# Arithmetic

In the last chapter we discussed the derivation of how to represent numbers in our machine diagrams. However, the *representing* something is meaningless if you don’t have any means of interacting with that thing. In this chapter we will come up with a way of working with numbers, and implement it as a machine diagram. This is going to be the “heaviest” chapter yet, but the material is surprisingly easy to follow as long as you Don’t Panic!

Takeaway: Take complicated-seeming things slow and make sure you Don’t Panic!

## Addition as a Syntactic Operation

Now that we have a notion of numbers, there are two natural things we might want to use them for: adding two numbers together, and describing how many times we want some “action” done. Because we don’t yet have a notion of what an “action” might be (remember, our machine diagrams never change, once they’ve been given their inputs), it seems more prudent to look into adding two numbers together.

Just like when we started looking for a way of representing numbers, our approach will be to study how adding numbers works *in a symbolic sense.* Asking about some kind of *meaning* behind adding two numbers can’t possibly be a fruitful endeavor, since we can’t teach our diagrams about meaning.

This approach is know as being **syntactic** in nature, which means it follows the *structure* of what the problem “looks like”. Syntax is in strict dichotomy with **semantics**, which describe the *meaning and interpretation* of something.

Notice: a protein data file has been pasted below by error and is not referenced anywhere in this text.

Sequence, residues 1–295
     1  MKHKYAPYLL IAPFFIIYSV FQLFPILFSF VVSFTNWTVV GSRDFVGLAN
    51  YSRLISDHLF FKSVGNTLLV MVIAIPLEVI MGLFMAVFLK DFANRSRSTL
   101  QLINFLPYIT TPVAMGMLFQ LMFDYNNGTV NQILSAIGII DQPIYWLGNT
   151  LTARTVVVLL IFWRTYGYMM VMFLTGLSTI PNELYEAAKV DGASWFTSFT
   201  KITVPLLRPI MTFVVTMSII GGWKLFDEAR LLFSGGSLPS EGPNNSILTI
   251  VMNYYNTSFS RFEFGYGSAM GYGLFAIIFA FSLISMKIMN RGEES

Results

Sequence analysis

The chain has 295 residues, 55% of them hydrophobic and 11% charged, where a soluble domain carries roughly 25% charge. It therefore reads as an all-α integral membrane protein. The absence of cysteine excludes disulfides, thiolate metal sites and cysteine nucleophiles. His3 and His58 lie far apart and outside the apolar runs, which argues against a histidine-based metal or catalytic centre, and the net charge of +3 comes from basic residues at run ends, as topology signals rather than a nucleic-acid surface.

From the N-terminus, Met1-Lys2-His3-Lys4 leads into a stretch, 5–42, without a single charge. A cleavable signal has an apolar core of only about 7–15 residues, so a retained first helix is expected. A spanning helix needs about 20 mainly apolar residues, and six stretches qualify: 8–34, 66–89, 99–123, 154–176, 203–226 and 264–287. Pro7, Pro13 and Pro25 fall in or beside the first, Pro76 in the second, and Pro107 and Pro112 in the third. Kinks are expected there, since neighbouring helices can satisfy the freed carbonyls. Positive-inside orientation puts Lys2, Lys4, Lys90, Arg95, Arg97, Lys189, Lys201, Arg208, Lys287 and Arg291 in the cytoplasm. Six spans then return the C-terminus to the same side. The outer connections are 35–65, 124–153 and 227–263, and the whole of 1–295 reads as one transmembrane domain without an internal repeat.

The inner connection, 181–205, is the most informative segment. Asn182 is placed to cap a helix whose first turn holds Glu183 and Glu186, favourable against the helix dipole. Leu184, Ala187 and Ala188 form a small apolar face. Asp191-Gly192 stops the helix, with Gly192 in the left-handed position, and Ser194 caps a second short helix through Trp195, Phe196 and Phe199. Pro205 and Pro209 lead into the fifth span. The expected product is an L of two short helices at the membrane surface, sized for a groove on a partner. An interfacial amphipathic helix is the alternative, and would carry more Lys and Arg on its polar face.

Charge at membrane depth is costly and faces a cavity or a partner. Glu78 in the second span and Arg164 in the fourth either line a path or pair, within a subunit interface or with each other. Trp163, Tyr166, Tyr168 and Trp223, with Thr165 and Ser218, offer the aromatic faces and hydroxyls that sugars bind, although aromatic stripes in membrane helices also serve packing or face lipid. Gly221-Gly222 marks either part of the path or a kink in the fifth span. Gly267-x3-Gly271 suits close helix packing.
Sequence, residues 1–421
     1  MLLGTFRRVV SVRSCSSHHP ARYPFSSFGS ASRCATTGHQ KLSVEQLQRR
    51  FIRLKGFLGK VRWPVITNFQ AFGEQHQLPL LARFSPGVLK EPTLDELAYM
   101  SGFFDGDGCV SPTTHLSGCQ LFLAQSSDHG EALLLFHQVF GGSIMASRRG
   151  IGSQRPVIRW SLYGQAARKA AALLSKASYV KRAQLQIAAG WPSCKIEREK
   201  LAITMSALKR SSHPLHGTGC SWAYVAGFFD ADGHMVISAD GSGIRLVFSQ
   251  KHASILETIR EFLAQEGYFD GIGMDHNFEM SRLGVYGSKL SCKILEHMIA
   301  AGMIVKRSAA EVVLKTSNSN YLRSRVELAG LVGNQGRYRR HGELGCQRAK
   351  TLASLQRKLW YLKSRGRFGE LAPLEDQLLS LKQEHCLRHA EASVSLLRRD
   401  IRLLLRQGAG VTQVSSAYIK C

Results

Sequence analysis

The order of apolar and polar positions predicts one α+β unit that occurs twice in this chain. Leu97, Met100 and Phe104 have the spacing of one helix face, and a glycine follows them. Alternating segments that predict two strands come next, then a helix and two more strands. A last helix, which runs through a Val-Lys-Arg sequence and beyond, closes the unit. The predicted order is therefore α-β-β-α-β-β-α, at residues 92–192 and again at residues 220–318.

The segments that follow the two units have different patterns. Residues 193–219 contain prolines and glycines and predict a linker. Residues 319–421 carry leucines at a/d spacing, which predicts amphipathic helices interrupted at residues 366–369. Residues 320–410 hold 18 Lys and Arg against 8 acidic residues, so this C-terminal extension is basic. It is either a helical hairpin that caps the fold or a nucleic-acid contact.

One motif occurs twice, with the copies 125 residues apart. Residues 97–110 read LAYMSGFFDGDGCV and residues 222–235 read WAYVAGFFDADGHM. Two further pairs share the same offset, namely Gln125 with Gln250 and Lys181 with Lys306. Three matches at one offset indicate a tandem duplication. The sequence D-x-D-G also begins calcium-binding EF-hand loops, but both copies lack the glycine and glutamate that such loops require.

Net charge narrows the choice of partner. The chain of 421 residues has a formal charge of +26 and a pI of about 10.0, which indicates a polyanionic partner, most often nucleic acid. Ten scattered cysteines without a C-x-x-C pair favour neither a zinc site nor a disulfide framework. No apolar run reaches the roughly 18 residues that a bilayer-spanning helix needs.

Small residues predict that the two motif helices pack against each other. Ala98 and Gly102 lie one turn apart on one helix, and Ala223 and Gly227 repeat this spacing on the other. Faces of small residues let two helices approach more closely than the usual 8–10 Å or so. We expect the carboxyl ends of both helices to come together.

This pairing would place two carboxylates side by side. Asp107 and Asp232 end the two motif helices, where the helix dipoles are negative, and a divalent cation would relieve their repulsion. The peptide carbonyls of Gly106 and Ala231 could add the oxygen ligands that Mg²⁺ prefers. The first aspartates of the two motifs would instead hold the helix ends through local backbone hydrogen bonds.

A useful intuition behind syntax and semantics is that syntax exists *in the world*, and semantics exist *in our minds*. Obviously, syntax is going to be the easier thing to work with in most cases.

Takeaway: Syntax is the factual structure of something, while semantics is the interpretation we put on that structure.

The divide between syntax and semantics requires a much deeper philosophical dive than we will devote to it here today, but we’ll discuss it in the next interlude. In particular, the interplay between syntax and semantics goes a long way to answering some of our earlier philosophical questions behind “why does any of this work?”

But I digress. The question we’re asking is “how does addition between numbers work?” and furthermore, “what does addition look like on a syntactic level?”

The good news is that you already know the answer to both of these things. Pop quiz: using a pen and paper, compute the answer to \(1243+412\). I’ll give you a second.

Done? Good. Unless you’re a math wizard, your approach to computing this sum probably looked something like filling in this table, one column at a time:

1 | 2 | 4 | 3 | |

+ | 0 | 4 | 1 | 2 |

The approach is this: starting from the right, add the two symbols together (which you’ve memorized), fill that symbol into the bottom line in the same column, and repeat with the column to the left of it.

Make no mistake, this computation we’ve performed was *purely syntactic*. You didn’t have to know anything about numbers to do it. In fact, if we completely jumbled up all symbols with ones you’d never seen before, and gave you a book about how to add any two of these new symbols, you’d still do just fine.

Let’s do one more example, just to make sure we’ve got it down:

2 | 4 | 7 | 7 | |

+ | 0 | 4 | 2 | 6 |

Keep the syntactic process we just discussed in mind as you work through this example.

Uh oh! Notice anything wrong? Our original strategy forgot to take into account what happens when we add up two numbers and they’re larger than ten. We forgot we sometimes needed to carry a one between columns!

Takeaway: Always check a couple of examples before assuming you got it right.

Let’s fill in the table from the last example together.

1 | 1 | |||

2 | 4 | 7 | 7 | |

+ | 0 | 4 | 2 | 6 |

2 | 9 | 0 | 3 |

Whenever one column overflows ten, we need to do our old shuffle again, where we move the 1 over to the next column. Furthermore, we realize that each column is potentially a sum of *three* numbers – the two we’re adding, and a carry from the last column, if necessary.